The House Committee on Oversight and Government reform will host Elizabeth Warren, Special Advisor to the Secretary of the Treasury on the Consumer Protection Financial Bureau (CFPB) Thursday. If previous hearings with Warren are any guide, Republican members will likely attack Warren and her work to protect consumers from the types of activities that led to the economic collapse in 2008.
Oversight Committee members received more than $6 million from the finance, insurance, and real estate (FIRE) sector in the 2010 cycle, according to Public Campaign Action Fund analysis of data from the Center for Responsive Politics.
“Powerful Members of Congress fought tooth and nail to kill the Consumer Financial Protection Bureau during the last Congress,” said David Donnelly, national campaigns director for Public Campaign Action Fund. “They failed to keep it out of Dodd-Frank, but one year later they are still trying to weaken consumer protections at the behest of their Wall Street donors.”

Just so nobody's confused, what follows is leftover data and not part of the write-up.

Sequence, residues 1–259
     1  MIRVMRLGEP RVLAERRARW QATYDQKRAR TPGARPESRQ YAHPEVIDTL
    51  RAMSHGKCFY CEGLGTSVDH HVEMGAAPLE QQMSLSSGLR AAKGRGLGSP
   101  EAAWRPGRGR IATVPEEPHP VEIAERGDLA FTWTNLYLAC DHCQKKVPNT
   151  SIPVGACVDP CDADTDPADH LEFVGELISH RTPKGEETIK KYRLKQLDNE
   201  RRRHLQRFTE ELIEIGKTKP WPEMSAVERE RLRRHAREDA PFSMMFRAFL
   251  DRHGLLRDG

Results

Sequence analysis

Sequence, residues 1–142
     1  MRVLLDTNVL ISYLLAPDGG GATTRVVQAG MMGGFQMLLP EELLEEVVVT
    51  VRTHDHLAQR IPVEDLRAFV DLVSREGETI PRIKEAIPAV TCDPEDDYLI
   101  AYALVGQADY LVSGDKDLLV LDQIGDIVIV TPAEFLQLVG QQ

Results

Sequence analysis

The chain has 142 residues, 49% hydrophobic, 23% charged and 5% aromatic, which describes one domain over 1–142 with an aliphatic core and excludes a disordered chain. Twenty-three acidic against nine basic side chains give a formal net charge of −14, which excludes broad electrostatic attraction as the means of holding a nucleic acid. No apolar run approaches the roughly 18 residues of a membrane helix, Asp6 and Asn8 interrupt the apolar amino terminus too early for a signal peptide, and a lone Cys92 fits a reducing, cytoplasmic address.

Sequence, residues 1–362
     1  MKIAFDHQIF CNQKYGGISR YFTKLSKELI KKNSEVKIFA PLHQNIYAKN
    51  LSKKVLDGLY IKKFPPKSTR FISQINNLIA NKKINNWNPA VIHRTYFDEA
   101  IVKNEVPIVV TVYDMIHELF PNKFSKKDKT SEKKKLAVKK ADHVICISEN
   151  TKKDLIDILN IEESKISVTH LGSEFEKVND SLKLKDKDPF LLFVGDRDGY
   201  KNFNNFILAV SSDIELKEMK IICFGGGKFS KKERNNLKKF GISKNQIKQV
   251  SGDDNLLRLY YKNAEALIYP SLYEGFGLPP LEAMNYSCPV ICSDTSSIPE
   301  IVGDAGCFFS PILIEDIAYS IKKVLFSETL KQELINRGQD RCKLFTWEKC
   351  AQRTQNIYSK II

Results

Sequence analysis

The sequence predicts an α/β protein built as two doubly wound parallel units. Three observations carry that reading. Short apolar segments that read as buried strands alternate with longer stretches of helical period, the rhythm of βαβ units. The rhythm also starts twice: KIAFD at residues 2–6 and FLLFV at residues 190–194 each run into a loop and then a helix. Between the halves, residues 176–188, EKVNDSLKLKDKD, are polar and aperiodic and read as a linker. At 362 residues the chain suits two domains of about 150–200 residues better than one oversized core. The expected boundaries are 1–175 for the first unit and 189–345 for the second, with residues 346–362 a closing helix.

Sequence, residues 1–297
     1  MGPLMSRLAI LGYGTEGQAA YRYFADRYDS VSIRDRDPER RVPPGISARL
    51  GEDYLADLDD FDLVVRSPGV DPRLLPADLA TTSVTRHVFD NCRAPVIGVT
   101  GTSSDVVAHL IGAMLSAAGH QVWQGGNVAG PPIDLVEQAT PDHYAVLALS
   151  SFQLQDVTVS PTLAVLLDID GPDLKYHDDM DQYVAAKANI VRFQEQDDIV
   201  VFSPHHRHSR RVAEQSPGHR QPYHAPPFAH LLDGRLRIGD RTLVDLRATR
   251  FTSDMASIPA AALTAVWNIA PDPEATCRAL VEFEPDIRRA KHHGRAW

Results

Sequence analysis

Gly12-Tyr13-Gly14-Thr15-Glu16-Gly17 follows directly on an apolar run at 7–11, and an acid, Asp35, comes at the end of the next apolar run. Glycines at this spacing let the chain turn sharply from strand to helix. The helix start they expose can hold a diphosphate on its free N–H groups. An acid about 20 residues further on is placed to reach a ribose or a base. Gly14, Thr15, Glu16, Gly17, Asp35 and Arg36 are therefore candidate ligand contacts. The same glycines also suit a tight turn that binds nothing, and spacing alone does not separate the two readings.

- Oversight Committee members received at least $6.04 million in campaign contributions from the FIRE sector in the 2010 cycle. Major giving sectors included:
|Securities & Investments||$1,169,902|
- Committee Chairman Darrell Issa (R-Calif.) and his leadership PAC have received at least $587,689 from Wall Street interests during his time in Congress, including $194,160 in the 2010 cycle alone. Securities and investment firms donated $58,500 to Issa and his leadership PAC in the last election cycle.
- Rep. Patrick McHenry (R-N.C.), who made controversial remarks about Warren at a subcommittee hearing he chaired in May, has also benefited from the industry over the years. During his time in Congress, McHenry and his leadership PAC have received $1.5 million in FIRE money, including nearly half a million dollars in 2010 alone. Some of McHenry’s top career donors to his campaign committee include Bank of America ($44,499), Wachovia ($34,600), PricewaterhouseCoopers ($29,000), and Wells Fargo ($25,550).
“Americans believe Wall Street has too much power in Washington,” said Donnelly. “Chairman Issa and his colleagues shouldn’t attack Ms. Warren – they should work alongside her to hold Wall Street accountable.”